The National Iodine and Salt Intake Survey (NISI) 2014–2015 was undertaken to estimate household iodised salt coverage at national and sub-national levels in India.
Cross-sectional survey with multistage stratified random sampling.
India was divided into six geographic zones (South, West, Central, North, East and North-East) and each zone was further stratified into rural and urban areas to yield twelve distinct survey strata.
The target respondent from each household was selected as per predefined priority; wife of the household head, followed by women of reproductive age, followed by any adult available during the visit.
Households (n 5717) were surveyed and salt samples (n 5682) were analysed. Household coverage of iodised salt (iodine≥5 ppm) was 91·7 (95 % CI 91·0, 92·7) %. Adequately iodised salt (iodine≥15 ppm) was consumed in 77·5 (95 % CI 76·4, 78·6) % of households. Significant differences in coverage were seen across six geographic regions, with North and North-East zones on the verge of achieving the universal salt iodisation target of >90 % coverage. Coverage of households with adequately iodised salt (adjusted OR; 95 % CI) was significantly less in rural households (0·55; 0·47, 0·64), lower/backward castes (0·84; 0·72, 0·98), deprived households (0·72; 0·61, 0·85) as assessed by multidimensional poverty index, households with non-diverse diet (0·73; 0·62, 0·86) and households using non-packaged salt (0·48; 0·39, 0·59) and non-refined salt (0·17; 0·15, 0·20).
India is within striking reach of achieving universal salt iodisation. However, significant differentials by rural/urban, zonal and socio-economic indicators exist, warranting accelerated efforts and targeted interventions for high-risk groups.
How does the vertical structure of an industry affect the links between cross-border mergers and international trade? To answer this question, we construct a tractable vertical general equilibrium (VGOLE) model of an oligopolistic industry. In a vertically related industry, firms are located at different stages of production or distribution, with some firms supplying inputs used by others. Mergers in vertically related industries have been drawing increasing attention of regulators, anti-trust authorities, as well as those in the media and academics. This is so because cross-border mergers between firms in such industries add more complexities for competition within and across open economies.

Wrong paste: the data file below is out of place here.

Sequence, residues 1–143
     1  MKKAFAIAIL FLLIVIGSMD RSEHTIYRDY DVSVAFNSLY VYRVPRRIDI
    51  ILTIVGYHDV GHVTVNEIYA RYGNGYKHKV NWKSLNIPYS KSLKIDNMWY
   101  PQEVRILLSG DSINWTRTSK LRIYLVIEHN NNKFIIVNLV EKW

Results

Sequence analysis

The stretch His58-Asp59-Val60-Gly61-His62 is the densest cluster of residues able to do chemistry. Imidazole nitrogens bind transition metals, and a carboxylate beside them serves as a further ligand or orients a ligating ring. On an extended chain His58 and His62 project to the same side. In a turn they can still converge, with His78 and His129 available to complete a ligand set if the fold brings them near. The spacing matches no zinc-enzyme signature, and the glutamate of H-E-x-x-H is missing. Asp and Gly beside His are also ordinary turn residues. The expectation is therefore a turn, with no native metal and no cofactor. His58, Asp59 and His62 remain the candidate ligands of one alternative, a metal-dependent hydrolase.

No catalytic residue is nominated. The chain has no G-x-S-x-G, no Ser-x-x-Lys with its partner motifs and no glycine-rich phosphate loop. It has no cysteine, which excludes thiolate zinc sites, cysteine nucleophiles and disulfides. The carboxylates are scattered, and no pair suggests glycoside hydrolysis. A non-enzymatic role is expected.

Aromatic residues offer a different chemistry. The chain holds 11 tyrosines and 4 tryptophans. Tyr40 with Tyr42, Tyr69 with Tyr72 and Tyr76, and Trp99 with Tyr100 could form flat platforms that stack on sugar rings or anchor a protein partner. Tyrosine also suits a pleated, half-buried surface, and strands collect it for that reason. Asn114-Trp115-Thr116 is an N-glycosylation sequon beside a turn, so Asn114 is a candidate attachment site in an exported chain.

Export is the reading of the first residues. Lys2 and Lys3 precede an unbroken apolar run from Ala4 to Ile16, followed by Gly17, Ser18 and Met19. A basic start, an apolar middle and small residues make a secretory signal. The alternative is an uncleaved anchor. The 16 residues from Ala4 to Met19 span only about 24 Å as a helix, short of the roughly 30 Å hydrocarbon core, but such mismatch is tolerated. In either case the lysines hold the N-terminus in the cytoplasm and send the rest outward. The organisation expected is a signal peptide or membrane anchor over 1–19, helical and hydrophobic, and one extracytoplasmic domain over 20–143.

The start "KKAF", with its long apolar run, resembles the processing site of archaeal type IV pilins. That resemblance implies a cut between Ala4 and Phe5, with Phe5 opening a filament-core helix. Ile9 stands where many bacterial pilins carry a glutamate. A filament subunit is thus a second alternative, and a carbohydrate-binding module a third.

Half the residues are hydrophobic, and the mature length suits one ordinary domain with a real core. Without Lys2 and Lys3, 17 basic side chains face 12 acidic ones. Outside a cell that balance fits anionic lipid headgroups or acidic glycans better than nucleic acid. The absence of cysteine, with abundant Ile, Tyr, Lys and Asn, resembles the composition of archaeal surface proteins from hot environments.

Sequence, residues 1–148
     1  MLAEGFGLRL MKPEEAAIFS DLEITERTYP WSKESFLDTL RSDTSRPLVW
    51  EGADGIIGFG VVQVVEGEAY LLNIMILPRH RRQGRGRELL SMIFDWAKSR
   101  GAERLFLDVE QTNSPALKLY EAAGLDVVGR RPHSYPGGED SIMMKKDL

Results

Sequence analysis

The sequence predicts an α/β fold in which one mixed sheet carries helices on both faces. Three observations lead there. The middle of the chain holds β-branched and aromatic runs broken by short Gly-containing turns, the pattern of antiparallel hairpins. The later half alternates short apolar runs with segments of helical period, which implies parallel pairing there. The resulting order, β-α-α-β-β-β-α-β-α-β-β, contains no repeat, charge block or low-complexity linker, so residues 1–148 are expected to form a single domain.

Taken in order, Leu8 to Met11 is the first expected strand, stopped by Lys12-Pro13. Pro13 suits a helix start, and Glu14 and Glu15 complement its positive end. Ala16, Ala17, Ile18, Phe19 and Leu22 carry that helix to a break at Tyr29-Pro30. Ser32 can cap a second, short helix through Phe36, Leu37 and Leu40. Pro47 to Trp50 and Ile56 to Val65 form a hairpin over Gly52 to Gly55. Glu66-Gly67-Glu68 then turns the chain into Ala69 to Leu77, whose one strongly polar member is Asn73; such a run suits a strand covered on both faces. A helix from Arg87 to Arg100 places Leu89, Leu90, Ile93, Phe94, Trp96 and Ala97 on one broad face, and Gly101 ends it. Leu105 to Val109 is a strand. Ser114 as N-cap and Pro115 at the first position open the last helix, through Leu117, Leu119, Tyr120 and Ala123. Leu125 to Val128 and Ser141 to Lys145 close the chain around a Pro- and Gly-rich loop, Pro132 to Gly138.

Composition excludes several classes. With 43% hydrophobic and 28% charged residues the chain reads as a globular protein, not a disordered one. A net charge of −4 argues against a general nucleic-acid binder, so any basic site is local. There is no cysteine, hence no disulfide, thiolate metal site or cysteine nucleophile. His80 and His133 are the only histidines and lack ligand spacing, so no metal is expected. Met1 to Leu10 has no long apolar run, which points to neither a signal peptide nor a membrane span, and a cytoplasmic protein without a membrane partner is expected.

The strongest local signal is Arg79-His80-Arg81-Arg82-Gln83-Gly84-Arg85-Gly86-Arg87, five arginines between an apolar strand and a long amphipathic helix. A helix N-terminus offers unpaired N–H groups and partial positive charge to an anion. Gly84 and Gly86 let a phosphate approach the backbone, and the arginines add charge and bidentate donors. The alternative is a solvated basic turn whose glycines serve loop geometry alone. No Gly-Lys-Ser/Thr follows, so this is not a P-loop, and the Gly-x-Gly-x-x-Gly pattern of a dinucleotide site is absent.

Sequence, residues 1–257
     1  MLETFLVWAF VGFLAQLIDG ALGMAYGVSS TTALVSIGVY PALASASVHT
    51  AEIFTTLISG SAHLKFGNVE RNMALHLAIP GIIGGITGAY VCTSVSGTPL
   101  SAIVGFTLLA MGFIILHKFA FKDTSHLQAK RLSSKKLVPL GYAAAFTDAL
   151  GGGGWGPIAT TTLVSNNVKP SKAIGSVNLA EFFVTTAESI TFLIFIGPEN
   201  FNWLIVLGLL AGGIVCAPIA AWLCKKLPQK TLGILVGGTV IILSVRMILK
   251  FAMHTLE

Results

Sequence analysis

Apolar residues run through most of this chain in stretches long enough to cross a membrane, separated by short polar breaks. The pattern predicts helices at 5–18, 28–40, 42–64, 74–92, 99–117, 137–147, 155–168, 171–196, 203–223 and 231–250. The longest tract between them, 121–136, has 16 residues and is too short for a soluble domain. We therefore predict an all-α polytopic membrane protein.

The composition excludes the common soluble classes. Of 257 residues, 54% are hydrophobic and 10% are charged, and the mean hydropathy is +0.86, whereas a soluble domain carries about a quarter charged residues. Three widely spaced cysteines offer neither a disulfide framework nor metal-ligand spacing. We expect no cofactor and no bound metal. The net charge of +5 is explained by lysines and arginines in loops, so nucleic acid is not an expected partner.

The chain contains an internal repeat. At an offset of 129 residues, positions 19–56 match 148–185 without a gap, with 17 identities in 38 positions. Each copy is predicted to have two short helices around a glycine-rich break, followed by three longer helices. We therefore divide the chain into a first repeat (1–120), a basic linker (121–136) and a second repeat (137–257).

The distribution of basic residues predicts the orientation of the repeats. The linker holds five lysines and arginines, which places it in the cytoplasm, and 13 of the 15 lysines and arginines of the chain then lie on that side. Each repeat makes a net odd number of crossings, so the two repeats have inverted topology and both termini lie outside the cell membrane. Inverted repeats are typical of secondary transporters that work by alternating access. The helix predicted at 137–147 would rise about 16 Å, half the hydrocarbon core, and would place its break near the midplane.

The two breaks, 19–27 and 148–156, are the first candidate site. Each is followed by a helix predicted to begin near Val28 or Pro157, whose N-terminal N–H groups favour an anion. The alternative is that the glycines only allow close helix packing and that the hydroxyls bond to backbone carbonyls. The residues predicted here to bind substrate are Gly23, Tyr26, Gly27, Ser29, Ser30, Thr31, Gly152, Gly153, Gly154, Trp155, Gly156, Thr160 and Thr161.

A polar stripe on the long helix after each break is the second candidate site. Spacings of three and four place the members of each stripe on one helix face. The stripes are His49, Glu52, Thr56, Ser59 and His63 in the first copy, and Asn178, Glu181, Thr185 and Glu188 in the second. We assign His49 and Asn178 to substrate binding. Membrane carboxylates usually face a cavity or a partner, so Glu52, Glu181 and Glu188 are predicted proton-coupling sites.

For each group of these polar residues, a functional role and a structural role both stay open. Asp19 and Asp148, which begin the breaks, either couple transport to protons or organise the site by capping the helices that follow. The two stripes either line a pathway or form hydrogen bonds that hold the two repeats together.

Although the theoretical literature on cross-border mergers is still at its infancy, to the best of our knowledge, our VGOLE construct is the first general equilibrium model to explore the implications of vertical structures for the links between cross-border mergers and international trade in oligopolistic industries. The vertical structure of an industry injects a distinction between the foreign and domestic firms, even in the absence of transport costs, because mergers can affect competition in input markets creating, in addition to the usual market power motive, an input-market concentration effect. Our key results, stemming from a direct comparison of the pattern of specialization and the incentives for cross-border mergers with and without the possibility of vertically integration, are that a) the extensive margin of trade shrinks in the face of vertical integration; and b) cross-border mergers mitigate the effect of vertical integration on the extensive margins of trade by facilitating specialization toward the direction of comparative advantage. Intuitively, as the disintegrated home firms become less competitive, it allows foreign firms to compete in a larger subset of sectors, wherein, without vertical integration, home would have a comparative advantage. The impact of a merger, on the extensive margins of trade, is magnified when the merger takes place between two disintegrated firms across borders compared to a merger between a disintegrated firm in one country and a vertically integrated firm in another.
The rest of the chapter is organized as follows. In the next section, we present our VGOLE model and results. In the third section, we discuss the welfare implications of our construct and cover some caveats. In the final section, we draw key conclusions.
Anaemia is a major contributor to the global disease burden and half of pregnant women in India were anaemic in 2016. The aetiology of anaemia is complex, yet anaemia determinants are frequently examined in isolation. We sought to explore how shifts in sociodemographic (wealth, age at pregnancy, education, open defecation, cooking fuel type, household size), programmatic (iron–folic acid tablet consumption, antenatal care visits) and dietary factors (intake of Fe, folic acid, vitamin B12, phytate) predicted changes in anaemia prevalence.
Nutrient levels for eighty-eight food items were multiplied by household consumption of these foods to estimate household-level nutrient supply. A synthetic panel data set was created from two rounds of the District Level Household and Facility Survey (2002–04 and 2012–13) and Household Consumer Expenditures Survey (2004–05 and 2011–12). Ordinary least-squares multivariate regression models were used.
Districts (n 446) spanning north, north-east, central and south India.
Pregnant women aged 15–49 years (n 17 138).
In the model accounting for both non-dietary and dietary factors, increased age at pregnancy (P<0·001), reduced village-level open defecation (P=0·001), consuming more Fe (P<0·001) and folic acid (P=0·018) and less phytate (P=0·002), and urbanization (P=0·015) were associated with anaemia reductions. A 10 mg increase in daily household Fe supply from 2012 levels was associated with a 10 % reduction in anaemia.